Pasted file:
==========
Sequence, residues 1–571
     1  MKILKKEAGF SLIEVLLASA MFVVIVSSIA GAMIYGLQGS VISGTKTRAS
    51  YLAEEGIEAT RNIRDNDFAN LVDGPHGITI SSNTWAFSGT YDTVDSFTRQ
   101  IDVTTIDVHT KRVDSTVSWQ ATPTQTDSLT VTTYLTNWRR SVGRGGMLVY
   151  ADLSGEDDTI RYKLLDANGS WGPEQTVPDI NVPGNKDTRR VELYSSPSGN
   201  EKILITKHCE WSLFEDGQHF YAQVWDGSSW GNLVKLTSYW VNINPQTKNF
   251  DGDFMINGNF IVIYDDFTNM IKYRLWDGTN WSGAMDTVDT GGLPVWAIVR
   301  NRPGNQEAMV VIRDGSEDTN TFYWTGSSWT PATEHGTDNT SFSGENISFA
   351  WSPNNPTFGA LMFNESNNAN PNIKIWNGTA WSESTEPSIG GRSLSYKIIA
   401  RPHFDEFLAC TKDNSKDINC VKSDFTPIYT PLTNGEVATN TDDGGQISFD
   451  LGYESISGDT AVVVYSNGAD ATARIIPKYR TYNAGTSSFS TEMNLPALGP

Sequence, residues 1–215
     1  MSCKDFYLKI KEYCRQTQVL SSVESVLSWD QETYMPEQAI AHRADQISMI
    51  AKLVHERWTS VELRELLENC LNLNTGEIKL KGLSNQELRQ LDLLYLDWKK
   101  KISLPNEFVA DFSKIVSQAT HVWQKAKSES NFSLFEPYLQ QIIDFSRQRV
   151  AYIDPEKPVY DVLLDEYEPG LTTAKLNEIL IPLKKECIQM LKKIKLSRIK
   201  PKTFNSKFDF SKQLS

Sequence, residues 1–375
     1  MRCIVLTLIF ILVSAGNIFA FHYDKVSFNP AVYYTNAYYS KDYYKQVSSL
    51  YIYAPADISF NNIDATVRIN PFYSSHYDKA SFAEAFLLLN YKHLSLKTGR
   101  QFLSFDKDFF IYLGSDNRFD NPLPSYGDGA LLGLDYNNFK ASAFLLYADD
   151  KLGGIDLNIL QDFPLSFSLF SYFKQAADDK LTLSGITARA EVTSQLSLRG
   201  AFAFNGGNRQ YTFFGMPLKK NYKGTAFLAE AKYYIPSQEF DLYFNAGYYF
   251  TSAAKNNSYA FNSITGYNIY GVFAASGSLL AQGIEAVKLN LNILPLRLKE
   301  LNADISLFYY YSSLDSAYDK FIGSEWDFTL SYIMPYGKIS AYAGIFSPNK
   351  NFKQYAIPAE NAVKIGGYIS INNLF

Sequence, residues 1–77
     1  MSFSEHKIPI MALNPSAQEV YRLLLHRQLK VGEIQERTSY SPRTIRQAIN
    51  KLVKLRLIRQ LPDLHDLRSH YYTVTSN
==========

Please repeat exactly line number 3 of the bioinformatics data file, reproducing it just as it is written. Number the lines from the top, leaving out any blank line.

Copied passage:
    51  YLAEEGIEAT RNIRDNDFAN LVDGPHGITI SSNTWAFSGT YDTVDSFTRQ